Social host ordinance returns
Law would punish adults who allow underage drinking in their homes
After a three-month delay that frustrated some of its supporters, a proposed “social host” ordinance will return to the Steamboat Springs City Council tonight for a second and final reading.
The legislation would stipulate penalties for parents and other adults who allow minors to drink in their homes. Although the ordinance was unanimously approved on its first reading in September, financial and civil liberty concerns have prolonged the typical two-week period between first and second readings. In response to concerns that the ordinance could be abused, changes have been made in the interim to make the ordinance less stringent.
Removed was wording that would allow people to be cited under the ordinance not only if they have actual knowledge of underage drinking on their premises, but also if they “reasonably should know.” Added was a paragraph that prevents property owners from being cited if minors trespass and drink on their property.
Also removed was language recommending specific jail time for violating the ordinance. While mandatory jail time had previously been removed from the ordinance – and while jail time is a possibility, albeit unexercised, for any municipal violation – officials including City Attorney Dan Foote felt the inclusion of specific jail time recommendations would have led to financial and logistical challenges for the Steamboat Springs Municipal Court because of the increased involvement of legal counsel, a sure increase in the number of jury trials and the need to provide legal representation to indigent defendants.
If adopted, it is estimated the ordinance will cost the municipal court between $18,000 and $60,000 a year. Steamboat Springs Police Capt. Joel Rae, a proponent of the ordinance, thinks the true cost would be closer to the low end of the range.
The Grand Futures Prevention Coalition is presenting the legislation on behalf of the Excellence Project, a collaboration of local organizations focused on reducing underage drinking and illegal substance abuse.
Council members will face strong public pressure to pass the ordinance. Materials prepared for today’s meeting include nearly 20 letters and e-mails in support of the ordinance from residents including local religious and school district officials.
“Underage drinking and drug use are an extreme epidemic in our community. We work with many youth with the goal to be a positive influence in their lives. This is made extremely difficult by the fact that the youth and their friends are allowed to drink and use at home with the parents approval,” Tara Chavarria of Christ for Life Sk8 Church wrote in an e-mail to council members. “The social host ordinance would give our city a way to hold adults accountable for very poor choices and would instill a healthy fear of getting young kids drunk at their home, condo, hotel or property.”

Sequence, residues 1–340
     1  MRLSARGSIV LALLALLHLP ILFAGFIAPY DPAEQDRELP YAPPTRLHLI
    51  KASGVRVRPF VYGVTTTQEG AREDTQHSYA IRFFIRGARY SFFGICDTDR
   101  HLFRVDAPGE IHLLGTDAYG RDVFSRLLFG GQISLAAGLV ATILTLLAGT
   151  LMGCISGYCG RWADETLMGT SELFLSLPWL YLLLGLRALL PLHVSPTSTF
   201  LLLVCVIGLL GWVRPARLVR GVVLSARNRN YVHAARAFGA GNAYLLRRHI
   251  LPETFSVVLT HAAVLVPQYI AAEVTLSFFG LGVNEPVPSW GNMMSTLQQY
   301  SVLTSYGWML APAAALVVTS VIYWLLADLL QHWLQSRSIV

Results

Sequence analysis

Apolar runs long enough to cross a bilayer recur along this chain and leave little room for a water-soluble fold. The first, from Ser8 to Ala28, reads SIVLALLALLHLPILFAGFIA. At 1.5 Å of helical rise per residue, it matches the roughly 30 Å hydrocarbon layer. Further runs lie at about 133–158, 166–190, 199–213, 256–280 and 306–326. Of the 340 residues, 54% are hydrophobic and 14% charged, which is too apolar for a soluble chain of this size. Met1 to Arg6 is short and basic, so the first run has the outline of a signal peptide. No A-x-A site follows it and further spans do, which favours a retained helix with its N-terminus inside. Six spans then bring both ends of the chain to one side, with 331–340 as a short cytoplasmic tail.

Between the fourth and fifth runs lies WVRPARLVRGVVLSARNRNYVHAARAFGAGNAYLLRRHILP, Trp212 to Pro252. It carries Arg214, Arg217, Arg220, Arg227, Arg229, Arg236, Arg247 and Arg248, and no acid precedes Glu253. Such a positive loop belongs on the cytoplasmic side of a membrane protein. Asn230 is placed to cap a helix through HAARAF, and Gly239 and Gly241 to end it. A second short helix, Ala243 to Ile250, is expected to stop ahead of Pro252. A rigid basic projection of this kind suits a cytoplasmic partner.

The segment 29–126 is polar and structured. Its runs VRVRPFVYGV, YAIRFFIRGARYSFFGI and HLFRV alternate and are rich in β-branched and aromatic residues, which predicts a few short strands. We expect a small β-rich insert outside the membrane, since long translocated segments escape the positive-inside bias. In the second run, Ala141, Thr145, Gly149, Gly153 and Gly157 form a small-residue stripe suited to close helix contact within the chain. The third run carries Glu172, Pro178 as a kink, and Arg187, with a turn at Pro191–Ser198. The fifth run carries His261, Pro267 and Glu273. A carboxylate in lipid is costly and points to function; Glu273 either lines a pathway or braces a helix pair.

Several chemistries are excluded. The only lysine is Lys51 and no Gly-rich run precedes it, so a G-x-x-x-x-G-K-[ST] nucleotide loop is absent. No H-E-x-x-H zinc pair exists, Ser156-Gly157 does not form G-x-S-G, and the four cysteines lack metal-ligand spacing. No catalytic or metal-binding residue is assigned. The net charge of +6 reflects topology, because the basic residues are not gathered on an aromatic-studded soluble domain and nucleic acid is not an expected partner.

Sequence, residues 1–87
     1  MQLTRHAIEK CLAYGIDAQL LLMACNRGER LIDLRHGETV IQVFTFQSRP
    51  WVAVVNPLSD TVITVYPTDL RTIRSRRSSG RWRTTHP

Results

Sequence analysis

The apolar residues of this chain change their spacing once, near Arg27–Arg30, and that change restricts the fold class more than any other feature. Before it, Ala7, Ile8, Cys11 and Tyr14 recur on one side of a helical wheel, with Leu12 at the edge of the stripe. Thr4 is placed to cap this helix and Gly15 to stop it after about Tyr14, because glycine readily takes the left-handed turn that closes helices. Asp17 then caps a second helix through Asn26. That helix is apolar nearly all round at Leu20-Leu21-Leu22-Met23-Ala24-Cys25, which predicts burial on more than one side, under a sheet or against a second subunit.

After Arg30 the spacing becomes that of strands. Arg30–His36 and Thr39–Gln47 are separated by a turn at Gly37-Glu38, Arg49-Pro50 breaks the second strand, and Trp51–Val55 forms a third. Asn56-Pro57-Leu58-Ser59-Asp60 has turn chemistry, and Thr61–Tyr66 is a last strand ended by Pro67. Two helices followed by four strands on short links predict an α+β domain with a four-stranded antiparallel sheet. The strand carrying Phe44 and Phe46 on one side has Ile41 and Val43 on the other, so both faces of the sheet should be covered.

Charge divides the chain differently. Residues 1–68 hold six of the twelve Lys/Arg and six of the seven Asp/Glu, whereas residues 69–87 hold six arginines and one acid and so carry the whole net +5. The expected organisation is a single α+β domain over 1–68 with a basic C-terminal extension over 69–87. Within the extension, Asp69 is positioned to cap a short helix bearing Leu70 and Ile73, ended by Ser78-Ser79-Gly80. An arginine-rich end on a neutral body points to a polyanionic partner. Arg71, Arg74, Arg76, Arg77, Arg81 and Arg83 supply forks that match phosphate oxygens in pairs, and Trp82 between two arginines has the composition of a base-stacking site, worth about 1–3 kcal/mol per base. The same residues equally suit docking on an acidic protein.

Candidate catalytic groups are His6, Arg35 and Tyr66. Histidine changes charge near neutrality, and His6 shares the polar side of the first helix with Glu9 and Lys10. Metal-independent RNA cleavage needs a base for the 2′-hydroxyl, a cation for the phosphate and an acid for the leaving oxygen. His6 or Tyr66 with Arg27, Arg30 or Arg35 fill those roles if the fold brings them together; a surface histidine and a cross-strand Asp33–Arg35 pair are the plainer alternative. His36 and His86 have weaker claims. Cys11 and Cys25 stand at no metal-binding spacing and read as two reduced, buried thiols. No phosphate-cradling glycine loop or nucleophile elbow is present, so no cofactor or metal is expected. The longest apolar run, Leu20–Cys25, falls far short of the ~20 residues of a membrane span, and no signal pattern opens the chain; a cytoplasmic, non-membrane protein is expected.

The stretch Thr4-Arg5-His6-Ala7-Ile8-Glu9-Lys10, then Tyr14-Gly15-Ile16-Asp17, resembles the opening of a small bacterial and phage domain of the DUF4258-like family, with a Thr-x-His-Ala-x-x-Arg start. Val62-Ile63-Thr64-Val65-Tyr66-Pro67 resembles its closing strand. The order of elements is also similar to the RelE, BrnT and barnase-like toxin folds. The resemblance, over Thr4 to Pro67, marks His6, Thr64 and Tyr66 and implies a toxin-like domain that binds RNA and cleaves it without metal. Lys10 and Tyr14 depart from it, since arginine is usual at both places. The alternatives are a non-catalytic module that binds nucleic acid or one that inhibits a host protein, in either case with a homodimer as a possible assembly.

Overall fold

Aside from concerns expressed by some government officials, no one has publicly opposed the ordinance.
Councilwoman Cari Hermacinski, who raised concerns about the social host ordinance at its first reading, said she still has reservations. Hermacinski said she’s not sure how the law accomplishes anything more than existing state laws that prohibit contributing to the delinquency of a minor. Hermacinski also disagrees that the law should be pushed at the local level first.
“I really think it would be better to lobby the state Legislature,” Hermacinski said.
In September, Colleen Lyon, Routt County director of Grand Futures and co-director of the Excellence Project, said proponents felt it was more appropriate to start small.
“We’re not pushing for that at the moment, but we are trying to set an example that the state could follow,” she said. “We’re just concerned right now with Steamboat Springs getting it passed, and hopefully the state will follow.”
Other items on the Steamboat Springs City Council’s agenda today include:
– The second reading of an ordinance that would create a new city building permit fee adding thousands of dollars to the cost of most construction within city limits. City officials say they need the fee to recoup the costs of building permit review, while members of the development community say the city already exacts enough in the form of its building use tax and excise tax.
– The second reading of an ordinance adopting a voluntary green building pilot program.
– Pre-application review of two Wilton Development projects that hope to be annexed into city limits. The Bridges at Steamboat would be jointly developed with Yampa Valley Medical Center, combining a mixed-use development along the Yampa River just south of Steamboat with a YVMC “senior living campus.” The other project, 360 Village, proposes a mix of uses including 550 to 650 homes on 110 acres 1.3 miles west of city limits.
– To reach Brandon Gee, call 871-4210
or e-mail firstname.lastname@example.org
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